The types of friends we make is changing. Smartphone apps now send you an alert when they detect people nearby with whom you share interests. As this phenomenon intensifies, our circle of friends will increase but those friends will come from a narrower cross section of society. We’ll become more tribal and less exposed to people with interests or beliefs different from our own.
Talking in 2010, Mark Zuckerberg, the founder of Facebook, said privacy was no longer a “social norm”. In the future, data on our habits and movements – where we’ve been and what we’ve done – will be available to anyone who wants to know.
Thanks to image-recognition software, we’ll be able to identify anyone who we point a phone at; when we shop online, prices will be tailored according to our income and willingness to pay; and when we go to the airport, aviation authorities will know so much about the minutiae of our lives it will no longer be necessary for us to queue for security.
In fact, there is so much personal data on the web that Eric Schmidt, the co-founder of Google, has warned that teenagers might be forced to change their names one day in order to escape their cyber past.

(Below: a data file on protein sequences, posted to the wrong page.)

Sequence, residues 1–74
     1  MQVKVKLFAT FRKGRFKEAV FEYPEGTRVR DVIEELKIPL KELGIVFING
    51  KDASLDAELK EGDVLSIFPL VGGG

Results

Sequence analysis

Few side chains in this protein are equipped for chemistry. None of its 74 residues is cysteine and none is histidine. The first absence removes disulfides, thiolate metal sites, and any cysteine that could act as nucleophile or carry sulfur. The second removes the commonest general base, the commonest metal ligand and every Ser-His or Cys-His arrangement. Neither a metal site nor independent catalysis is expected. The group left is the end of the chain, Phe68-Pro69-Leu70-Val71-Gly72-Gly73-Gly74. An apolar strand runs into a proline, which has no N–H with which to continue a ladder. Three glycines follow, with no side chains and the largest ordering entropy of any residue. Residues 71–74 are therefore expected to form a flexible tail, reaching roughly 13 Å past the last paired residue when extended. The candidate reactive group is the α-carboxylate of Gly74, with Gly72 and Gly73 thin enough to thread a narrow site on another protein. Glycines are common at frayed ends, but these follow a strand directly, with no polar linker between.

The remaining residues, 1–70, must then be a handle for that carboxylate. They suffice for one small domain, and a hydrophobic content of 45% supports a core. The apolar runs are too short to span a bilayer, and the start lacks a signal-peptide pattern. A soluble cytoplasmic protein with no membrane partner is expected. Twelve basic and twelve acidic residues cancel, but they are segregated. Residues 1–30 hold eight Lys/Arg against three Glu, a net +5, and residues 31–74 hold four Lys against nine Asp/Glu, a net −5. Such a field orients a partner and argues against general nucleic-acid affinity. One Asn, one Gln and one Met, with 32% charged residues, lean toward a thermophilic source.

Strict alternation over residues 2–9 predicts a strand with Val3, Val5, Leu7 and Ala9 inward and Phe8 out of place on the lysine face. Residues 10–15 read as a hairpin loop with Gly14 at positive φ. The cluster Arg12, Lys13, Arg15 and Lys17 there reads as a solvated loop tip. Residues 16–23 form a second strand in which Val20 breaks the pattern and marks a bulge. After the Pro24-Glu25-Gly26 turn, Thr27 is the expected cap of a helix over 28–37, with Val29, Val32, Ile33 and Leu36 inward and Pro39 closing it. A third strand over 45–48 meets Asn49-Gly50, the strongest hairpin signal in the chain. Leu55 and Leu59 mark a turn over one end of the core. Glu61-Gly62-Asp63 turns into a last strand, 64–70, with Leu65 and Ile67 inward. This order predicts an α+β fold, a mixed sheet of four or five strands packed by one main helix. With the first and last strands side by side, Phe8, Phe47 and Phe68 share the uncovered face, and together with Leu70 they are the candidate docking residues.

The way we communicate is making us worse people to be around. We are ruder. An Ofcom report found that 51 per cent of adults and 65 per cent of teenagers say they have used their smartphone while socialising.
Baroness Susan Greenfield says: “We may be in danger if we are creating an environment for the next generation where a premium isn’t put on eye contact, body language and hugging someone.”
The skills required for video games are being harnessed to useful ends in education, health and even geo-politics.